Motivating Employees on a Limited Budget

Motivating Employees on a Limited Budget

Have you ever tried to motivate employees but found that giving away free iPods or bonus vacation days just isn’t paying off? You’re not alone. Most employers struggle with how to motivate employees with limited to no budget.

I recently watched a TEDx video (embedded below) featuring Adam Grant, a tenured Wharton management professor (PhD, University of Michigan; BA, Harvard University).

He gave a fascinating talk linking the idea of intrinsic value—seeing where your work is going—to employee performance. In his study, he looked at the performance of university call center workers trying to raise money from student alumni. This particular job faces a 400% turnover rate. So how did he help motivate the employees?

He introduced new employees to students who received or would receive scholarship money that they would raise. The results? The new hire made 2.5x as many calls per hour and raised 5x more money than the average. That’s impressive.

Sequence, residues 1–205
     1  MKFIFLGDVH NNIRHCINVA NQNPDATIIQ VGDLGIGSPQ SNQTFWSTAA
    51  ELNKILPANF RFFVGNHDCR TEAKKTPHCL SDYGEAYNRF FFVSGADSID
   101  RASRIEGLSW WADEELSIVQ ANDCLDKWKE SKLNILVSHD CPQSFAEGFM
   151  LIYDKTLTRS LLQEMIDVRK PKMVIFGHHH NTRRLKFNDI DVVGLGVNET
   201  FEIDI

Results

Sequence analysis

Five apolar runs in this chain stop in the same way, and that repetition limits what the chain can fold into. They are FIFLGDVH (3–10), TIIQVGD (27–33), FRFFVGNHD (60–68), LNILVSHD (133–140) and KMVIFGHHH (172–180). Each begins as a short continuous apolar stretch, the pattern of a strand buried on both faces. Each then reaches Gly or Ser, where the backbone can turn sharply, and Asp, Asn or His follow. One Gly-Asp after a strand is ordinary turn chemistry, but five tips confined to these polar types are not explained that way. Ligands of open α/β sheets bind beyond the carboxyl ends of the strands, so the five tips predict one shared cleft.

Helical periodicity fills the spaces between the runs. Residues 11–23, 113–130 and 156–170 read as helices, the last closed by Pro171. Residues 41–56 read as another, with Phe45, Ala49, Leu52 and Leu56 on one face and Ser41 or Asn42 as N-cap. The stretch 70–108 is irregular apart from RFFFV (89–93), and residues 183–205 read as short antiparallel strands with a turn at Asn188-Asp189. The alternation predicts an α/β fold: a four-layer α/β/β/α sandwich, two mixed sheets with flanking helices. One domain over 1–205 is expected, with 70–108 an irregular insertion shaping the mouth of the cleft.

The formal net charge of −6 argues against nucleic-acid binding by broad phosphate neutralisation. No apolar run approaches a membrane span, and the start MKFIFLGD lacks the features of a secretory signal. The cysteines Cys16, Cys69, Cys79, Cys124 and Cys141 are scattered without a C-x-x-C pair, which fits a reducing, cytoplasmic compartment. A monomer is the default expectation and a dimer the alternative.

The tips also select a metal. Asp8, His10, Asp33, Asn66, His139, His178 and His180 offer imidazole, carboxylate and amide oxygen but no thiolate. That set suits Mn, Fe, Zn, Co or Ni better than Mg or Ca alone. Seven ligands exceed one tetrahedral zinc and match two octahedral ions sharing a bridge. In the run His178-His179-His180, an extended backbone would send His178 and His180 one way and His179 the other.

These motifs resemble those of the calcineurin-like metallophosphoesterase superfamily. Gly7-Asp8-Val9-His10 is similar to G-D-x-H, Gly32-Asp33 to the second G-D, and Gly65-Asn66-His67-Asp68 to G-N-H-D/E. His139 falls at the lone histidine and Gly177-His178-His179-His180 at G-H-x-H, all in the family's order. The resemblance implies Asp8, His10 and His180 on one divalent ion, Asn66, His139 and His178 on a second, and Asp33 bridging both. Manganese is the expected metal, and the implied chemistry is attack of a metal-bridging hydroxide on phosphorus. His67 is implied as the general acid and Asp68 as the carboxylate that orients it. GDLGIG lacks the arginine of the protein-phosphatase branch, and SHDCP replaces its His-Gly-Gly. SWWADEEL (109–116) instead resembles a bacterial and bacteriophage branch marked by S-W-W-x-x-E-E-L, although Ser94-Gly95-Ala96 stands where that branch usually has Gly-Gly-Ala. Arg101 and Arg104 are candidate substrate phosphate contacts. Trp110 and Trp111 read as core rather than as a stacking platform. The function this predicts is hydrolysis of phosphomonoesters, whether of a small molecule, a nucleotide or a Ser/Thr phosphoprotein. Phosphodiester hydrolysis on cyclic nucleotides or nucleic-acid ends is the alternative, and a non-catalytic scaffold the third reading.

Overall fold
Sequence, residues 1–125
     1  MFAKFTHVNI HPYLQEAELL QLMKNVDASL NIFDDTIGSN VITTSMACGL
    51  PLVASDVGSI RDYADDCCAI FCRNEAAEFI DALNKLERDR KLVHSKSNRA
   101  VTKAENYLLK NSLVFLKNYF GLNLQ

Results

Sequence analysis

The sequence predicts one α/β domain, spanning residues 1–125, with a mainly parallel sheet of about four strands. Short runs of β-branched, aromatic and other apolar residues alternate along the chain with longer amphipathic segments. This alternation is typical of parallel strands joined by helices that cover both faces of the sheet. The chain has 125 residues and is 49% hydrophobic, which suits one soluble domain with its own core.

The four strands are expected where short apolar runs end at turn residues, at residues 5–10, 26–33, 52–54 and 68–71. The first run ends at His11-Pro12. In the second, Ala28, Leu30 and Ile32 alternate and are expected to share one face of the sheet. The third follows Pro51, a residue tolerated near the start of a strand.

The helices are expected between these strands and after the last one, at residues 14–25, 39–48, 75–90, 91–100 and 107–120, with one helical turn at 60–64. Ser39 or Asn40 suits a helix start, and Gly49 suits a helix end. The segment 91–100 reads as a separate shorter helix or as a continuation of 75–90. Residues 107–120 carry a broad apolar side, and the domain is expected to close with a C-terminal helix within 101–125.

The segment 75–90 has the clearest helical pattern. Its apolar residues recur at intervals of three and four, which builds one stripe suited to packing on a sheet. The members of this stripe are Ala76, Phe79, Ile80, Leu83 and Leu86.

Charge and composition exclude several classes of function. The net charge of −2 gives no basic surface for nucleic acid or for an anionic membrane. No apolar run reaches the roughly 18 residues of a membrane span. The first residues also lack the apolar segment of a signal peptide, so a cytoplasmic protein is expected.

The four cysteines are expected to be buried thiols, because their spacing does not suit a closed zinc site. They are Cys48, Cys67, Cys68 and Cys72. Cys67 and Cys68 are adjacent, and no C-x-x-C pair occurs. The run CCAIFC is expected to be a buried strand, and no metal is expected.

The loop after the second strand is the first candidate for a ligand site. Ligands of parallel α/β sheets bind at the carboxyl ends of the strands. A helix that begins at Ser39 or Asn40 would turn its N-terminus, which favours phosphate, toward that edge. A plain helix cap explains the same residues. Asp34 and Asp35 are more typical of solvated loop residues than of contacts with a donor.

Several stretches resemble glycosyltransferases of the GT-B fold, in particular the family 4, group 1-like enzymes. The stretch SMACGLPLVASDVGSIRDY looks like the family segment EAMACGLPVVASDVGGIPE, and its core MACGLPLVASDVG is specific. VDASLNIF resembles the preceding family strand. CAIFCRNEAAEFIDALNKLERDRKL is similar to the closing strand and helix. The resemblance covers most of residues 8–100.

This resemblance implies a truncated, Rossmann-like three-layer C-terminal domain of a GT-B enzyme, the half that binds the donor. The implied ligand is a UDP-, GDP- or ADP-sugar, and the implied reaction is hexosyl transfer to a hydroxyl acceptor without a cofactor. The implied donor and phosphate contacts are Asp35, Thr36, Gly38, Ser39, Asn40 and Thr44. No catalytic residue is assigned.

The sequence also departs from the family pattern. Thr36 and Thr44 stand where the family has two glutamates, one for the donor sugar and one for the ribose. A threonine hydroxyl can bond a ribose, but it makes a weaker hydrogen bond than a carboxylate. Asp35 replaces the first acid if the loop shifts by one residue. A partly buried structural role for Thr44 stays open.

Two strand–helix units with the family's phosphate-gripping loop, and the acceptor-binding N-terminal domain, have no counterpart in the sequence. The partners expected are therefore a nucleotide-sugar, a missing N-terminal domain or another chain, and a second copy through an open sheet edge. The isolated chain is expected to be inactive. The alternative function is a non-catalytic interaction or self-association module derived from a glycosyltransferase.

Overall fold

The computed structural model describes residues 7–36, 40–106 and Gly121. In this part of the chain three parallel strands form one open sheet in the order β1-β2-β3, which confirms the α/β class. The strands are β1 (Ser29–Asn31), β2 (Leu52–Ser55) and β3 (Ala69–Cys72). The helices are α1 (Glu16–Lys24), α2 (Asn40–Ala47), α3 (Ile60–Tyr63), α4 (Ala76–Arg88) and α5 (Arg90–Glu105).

He’s done numerous other studies showing that introducing new hires to people their work directly affects dramatically increases their performance. All without shelling out money for a fully stocked beer fridge. I’ve talked before about rewards and motivating employees and how typically creating a personalized reward works better than some big payout. Now we have another tool in our belt; linking the cause and effect of a person’s work to motivate them to perform better.

What success have you had in motivating your employees with a small budget? Conversely, any horror stories that we can all learn from? Share in the comments below.